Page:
You've Got To Play Safe In India: Australia Batting Coach Michael Di Venuto

Batting coach Michael Di Venuto on Tuesday said Australia committed a blunder by trying to push the scoring rate in the second Test, which the visitors lost to India by six wickets.

Australia lost eight wickets for 28 runs in their 2nd innings of the Delhi Test match.

Batting coach Michael Di Venuto on Tuesday said Australia committed a blunder by trying to push the scoring rate in the second Test, which the visitors lost to India by six wickets. Di Venuto said Australia's batting plans were working well till a dramatic collapse saw them lose eight wickets for 28 runs. Steve Smith's dismissal to the sweep shot triggered the collapse as Australia were all out for 113 in 31.1 overs, giving India just 115 runs to win the Test, which the home side did in 26.4 overs to go 2-0 up and retain the Border-Gavaskar Trophy. (More Cricket News)

"Plans certainly weren't wrong. Our plans are good, but if people go away from their plans they're going to get in trouble, as we saw," Di Venuto said on Tuesday.

"We were almost ahead of the game, and the feeling just looking at it was 'geez, if we just get another 50 runs real quick' which you can't do in this country. We've spoken about that, so it's not like it's something new.

"But pressure does strange things and we saw a lot of people go out and try and sweep their way to a score. It's not all doom and gloom, but the 90 minutes of batting certainly wasn't anything special."

Many Australian batters perished while trying to sweep and Di Venuto admitted that the shot carried a high percentage of risk for players who aren't adept at playing it. Di Venuto said most of the Australian batters erred in using the shot as a method of trying to get off strike rather than trusting their defence to survive.

"It was pretty obvious where we went wrong. With batting, it's a pretty similar analogy - you've got to swim between the flags (play safe) in this country (India). If you go outside the flags in your game plan, you're going to get in trouble."

He also cited the skill with which opener Usman Khawaja swept his way to a series average of 150-plus in Pakistan last year and almost 50 on the subsequent Test campaign in Sri Lanka.

"Uz (Khawaja) played beautifully in the first innings (at Delhi), and has through Pakistan and the subcontinent. It (sweeping) is part of his game, but he also picks the balls to do it," Di Venuto said.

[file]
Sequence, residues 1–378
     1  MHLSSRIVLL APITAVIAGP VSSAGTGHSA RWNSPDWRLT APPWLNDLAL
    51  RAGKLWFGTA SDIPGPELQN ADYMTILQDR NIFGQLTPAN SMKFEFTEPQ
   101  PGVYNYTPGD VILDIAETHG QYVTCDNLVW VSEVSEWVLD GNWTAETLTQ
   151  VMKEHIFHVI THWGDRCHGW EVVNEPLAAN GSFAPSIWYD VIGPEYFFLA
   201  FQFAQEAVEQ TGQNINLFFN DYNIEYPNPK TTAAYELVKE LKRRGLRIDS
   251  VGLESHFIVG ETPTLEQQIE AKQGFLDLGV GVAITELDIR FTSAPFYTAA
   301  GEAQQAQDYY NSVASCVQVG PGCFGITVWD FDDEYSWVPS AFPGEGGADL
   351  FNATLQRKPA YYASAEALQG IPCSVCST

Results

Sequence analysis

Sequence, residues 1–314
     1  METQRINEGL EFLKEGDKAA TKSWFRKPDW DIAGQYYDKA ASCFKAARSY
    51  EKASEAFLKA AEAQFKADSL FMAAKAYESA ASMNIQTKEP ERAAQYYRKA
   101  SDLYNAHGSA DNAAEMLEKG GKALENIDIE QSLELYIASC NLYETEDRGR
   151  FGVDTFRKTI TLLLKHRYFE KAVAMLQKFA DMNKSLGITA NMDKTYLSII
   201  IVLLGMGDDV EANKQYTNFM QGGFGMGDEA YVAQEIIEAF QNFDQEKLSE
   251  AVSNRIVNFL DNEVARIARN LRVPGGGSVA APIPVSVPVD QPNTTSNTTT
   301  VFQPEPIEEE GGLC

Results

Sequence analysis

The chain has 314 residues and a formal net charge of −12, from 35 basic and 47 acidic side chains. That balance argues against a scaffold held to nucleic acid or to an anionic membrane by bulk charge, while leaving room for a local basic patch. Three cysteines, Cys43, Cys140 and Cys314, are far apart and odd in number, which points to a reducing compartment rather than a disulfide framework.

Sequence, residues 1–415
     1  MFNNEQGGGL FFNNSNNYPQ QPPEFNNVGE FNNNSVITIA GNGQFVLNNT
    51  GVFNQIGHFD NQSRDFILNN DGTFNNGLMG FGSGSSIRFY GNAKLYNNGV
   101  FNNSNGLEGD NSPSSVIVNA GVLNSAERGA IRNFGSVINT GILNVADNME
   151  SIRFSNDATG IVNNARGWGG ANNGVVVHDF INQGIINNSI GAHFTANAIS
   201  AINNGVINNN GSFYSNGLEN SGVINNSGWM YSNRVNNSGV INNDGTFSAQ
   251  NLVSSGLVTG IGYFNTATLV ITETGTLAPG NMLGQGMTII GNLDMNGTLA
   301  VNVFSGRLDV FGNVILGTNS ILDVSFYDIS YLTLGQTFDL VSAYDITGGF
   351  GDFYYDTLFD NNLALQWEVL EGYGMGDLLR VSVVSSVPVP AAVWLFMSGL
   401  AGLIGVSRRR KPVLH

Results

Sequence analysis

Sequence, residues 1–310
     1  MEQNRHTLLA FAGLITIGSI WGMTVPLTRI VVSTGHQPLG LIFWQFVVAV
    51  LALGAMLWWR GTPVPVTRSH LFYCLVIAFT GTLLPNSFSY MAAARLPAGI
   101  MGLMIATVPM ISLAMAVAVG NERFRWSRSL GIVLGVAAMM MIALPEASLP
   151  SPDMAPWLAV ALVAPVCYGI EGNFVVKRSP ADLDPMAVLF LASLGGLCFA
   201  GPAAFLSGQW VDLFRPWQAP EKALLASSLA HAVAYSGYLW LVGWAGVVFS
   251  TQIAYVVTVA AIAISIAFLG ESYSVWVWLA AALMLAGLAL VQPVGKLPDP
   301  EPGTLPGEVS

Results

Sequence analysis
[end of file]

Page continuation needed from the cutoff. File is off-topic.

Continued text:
"It's smart, he's not using it as a form of defence and I think that's what happened towards the back end (of Australia's second innings). People weren't trusting their defence so started trying to sweep, which is the wrong way to go about it."

Di Venuto said these things sometimes happened under pressure and when players pressed the panic button.

"When you're under pressure and you panic, and you're not trusting your defence, sometimes it is 'I've just got to get up the other end' and how do you do that? The sweep shot the other day seemed to be the way they were trying to do it, which is not the ideal way on a spinning wicket with variable bounce. It's common sense, but that's pressure.

"If you're coming over here, and you're not a sweeper but you're trying to sweep, that's not going to work and I think we had some good examples of that."

Di Venuto also described Smith's dismissal, which triggered the Australian collapse as "unusual".

"I haven't spoken to him yet about that, and where he's at. But he's excited about these conditions, he loves these conditions. It will be a frustrating thing for him at the moment that he hasn't had the impact he would have liked.

"He was certainly disappointed when he got out, and he made it known in the dressing room it was a poor shot.

"I think most people would have heard that, so they should have had a fair idea of what not to do," the batting coach said.

Meanwhile, the bulk of the Australian squad have been granted a few days leave from cricket duties, with some making a trip to the Taj Mahal in Agra and others taking to the golf course.